"Those morose motherfuckers? All right, say something nice... being in a band with them is awesome, truthfully. I can't tell you how much I love the combination of their different styles. We haven't come close yet to realizing our potential given the utterly dissimilar styles and schools of music listening and playing that everyone in this band has come from, but we're getting there. Chav is from Farmington, NM, a little town about 3 hours Northwest of Albuquerque, and taught himself to play guitar about 7 years ago. He's all about the heavy, he was into old-school thrash before he got into the heavy-groove thing, and also digs tons of old classic rock, y'know, Neil Young, Skynyrd, etc. John went to the Music Institute in CA, and so has pretty diverse musical background; he digs the heavy stuff too, obviously, but alot of his biggest influences are jazz and funk bassists like Jaco Pastorius. And our new drummer, Kenny, is a real devotee to alot of roots-prog, old Yes, Rush, the really old Journey stuff, etc. It's a weird mix, I guess, especially with me in there with my operatic-metal influences, but it yields something that doesn't feel like anything else out there, and that's exactly what we all want."

Are you a music collector? What bands can you recommend?

"Collector, as in, rare vinyl and stuff? I have a real collector's mentality, but I'm trying to give it up. I mean, I spent $100 on a copy of the first Kyuss album, 'Sons of Kyuss', about 5 years ago, and I doubt I'd do that again today. I've been a comic collector for most of my life, and am now trying to quit buying those too, just to not be a slave to it anymore. But I'm still a huge music fan, and am always looking for something new in any number of different genres. Plus I have my favorite bands that I keep up with no matter what. I mean, everyone and their mother is talking about the new Queens of The Stone Age, and I'm on that bandwagon, definitely. I listen to that record constantly. I just heard that Sixteen Horsepower has a new record out, and they're one of my all-time favorite bands, so I've gotta grab that. I got the new Wilco album last week, which is being called the record of the year and such in reviews all over the place... I don't know about that, but it's solid. Pretty spare, which I guess is synonymous with Wilco. I also want to get the new Medication album, that band with Logan Mader of Soulfly and Whitfield Crane of Ugly Kid Joe... say what you want about Ugly Kid Joe, but I dig Whit's voice. The Medication EP was pretty good, so the album'll be worth checking out. Deadboy & The Elephantmen, with Dax Riggs from Acid Bath, just got their debut CD done, and it's killer, definitely something for fans of Mark Lanegan's solo stuff. Mellow. I guess it's easy to notice a trend here, that there's not much stuff from the stoner-doom scene among my latest listenings... it's mainly because I'm not a fan of the style, so much as a fan of the *best of the style*. I love Gorilla. I love Grand Magus. I love that Pentagram early-stuff record that Relapse just put out. I love the new Sixty Watt. The new Half Man rocks. The new Abdullah, obviously, slays. But I don't listen to 80% of what comes out in the style, 'cause alot of it doesn't do much for me, and my musical tastes range all over the place, not just in the heavy groove scene."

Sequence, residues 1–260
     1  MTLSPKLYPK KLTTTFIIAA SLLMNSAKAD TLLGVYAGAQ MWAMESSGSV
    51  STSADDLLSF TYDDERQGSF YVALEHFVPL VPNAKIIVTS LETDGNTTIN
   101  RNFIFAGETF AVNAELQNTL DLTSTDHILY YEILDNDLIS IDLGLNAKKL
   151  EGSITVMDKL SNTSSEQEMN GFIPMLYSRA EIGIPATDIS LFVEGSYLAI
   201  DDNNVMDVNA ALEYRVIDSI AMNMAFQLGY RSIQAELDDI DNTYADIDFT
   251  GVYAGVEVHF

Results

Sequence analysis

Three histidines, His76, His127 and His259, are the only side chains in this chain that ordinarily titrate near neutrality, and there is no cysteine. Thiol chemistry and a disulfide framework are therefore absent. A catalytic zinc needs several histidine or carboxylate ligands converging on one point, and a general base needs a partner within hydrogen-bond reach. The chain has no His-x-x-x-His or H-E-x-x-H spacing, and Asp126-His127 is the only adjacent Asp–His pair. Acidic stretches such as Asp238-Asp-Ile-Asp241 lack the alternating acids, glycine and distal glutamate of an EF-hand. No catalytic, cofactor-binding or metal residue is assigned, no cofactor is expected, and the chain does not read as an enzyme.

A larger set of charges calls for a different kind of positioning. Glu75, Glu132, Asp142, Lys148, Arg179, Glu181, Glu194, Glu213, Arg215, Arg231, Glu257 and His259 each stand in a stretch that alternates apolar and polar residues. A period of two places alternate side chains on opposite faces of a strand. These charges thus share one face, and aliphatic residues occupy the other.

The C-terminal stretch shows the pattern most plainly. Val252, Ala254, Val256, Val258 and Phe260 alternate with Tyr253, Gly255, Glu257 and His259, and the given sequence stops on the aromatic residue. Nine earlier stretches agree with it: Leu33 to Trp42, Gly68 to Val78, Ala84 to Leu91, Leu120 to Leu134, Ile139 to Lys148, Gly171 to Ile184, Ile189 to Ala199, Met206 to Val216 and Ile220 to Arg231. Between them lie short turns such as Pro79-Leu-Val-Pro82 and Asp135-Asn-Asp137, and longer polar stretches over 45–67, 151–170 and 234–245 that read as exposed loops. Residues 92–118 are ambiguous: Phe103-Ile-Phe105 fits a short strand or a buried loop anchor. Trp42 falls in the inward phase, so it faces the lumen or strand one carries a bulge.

Does New Mexico have any kind of a heavy music scene? Do any good shows come through?

"There's only a couple of decent clubs to play here for heavy stuff, so there are plenty of shows that skip us, but some decent bands do come through. We're opening for High on Fire in October, and Alabama Thunderpussy will be here a week later. I would not say there is a "scene" here... we play out, we have friends in like one other heavy rock band, and they play out less than we do... and there are plenty of local rock outfits that are just too full of themselves, so we want nothing to do with them. Basically, this is not the place to be if you're a heavy band who wants to get somewhere, and I don't think we'll stay here forever. "

Km: Some readers may not know that you, along with Aaron Emmel, run the MeteorCity record label. Can you give us a quick history on how all that came together?